Guide to Mounting Your Satellite Dish


The Dish Network satellite dish is only about 2 feet in diameter. Very much a space saver when it comes to mounting the satellite dish on a wall, fence or garage!

Since the satellite dish is small, it is also light and not bulky in size, this also makes it easier to mount.

Satellite dishes have two antennae's which are pointing back to the dish and shooting off into the blue sky.

These 2 receiver antennas help bring in a signal to your dish and display the signals they receive on your television.

If you purchase a satellite dish brand new, you won't have to worry about mounting it, because your local satellite installation crew will do all the installing for you. They don't want you trying to climb up a 10 foot ladder to mount their dish, so they'll do it for you, which is usually free anyways.

But if you do have to mount your dish yourself, make sure you have the Dish Network satellite pointing directly into the sky away from trees, little children and buildings.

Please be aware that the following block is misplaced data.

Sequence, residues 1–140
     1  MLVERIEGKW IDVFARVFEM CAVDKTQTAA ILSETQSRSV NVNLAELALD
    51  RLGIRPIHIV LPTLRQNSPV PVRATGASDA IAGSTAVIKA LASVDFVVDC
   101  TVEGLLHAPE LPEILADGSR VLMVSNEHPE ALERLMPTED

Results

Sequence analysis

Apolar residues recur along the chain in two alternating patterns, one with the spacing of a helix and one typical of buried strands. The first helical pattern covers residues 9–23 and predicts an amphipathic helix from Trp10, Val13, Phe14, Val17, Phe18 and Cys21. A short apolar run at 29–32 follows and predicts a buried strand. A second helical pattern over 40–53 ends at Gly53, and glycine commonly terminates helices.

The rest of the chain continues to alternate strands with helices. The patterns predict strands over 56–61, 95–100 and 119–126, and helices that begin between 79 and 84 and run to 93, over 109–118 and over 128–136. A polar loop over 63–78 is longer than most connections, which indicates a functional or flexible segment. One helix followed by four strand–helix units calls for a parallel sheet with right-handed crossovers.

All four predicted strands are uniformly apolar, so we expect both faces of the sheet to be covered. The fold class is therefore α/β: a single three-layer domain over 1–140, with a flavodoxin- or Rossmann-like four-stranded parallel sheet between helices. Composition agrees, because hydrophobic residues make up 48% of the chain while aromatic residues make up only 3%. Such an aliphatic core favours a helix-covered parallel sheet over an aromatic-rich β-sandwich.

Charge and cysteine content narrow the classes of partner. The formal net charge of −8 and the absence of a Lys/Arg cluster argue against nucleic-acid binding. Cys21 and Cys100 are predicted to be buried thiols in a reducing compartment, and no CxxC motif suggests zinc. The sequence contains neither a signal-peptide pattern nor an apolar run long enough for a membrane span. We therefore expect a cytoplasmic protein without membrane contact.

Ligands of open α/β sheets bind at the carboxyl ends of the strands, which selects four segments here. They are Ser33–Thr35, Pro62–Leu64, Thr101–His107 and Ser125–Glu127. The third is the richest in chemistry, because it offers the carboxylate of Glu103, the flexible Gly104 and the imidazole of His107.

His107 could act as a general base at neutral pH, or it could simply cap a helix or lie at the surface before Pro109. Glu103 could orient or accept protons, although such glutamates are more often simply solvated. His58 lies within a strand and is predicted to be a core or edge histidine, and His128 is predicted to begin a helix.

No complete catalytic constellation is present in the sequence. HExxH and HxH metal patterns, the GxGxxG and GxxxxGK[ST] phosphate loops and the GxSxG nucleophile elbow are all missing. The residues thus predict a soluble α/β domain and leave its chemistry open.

By following this step, you will be able to receive the most premium possible signal from your satellite dish. This will also provide quality viewing on your television screen!

If you wish to not mount the dish on your home you can also go another route. Most satellite dish providers have tripod stands for you. This is a great alternative if your apartment or condo complex doesn't allow you to nail anything to their exterior walls.

One downfall with the tripod is it can be very finicky. Make sure you put the tripod and satellite dish in an area away from people and dogs or any animal of either species for that matter.

I have had some problems with guests bumping and every so gently tapping the tripod and the TV goes blank..."Looking for signal" is what you'll see on your television. Even the slightest nudge could result in you jumping out of bed in your pajamas and slightly tapping the satellite dish until the signal is received again.

What's funny about that is the slightest tap can effect the signal its receiving, but rain, snow nor wind won't usually effect the signal...go figure?

About The Author

Adam Maywald

For more great information on a satellite dish and providers of the services mentioned, go to http://www.DishNetwork-vs-DirectTv.com for more information.


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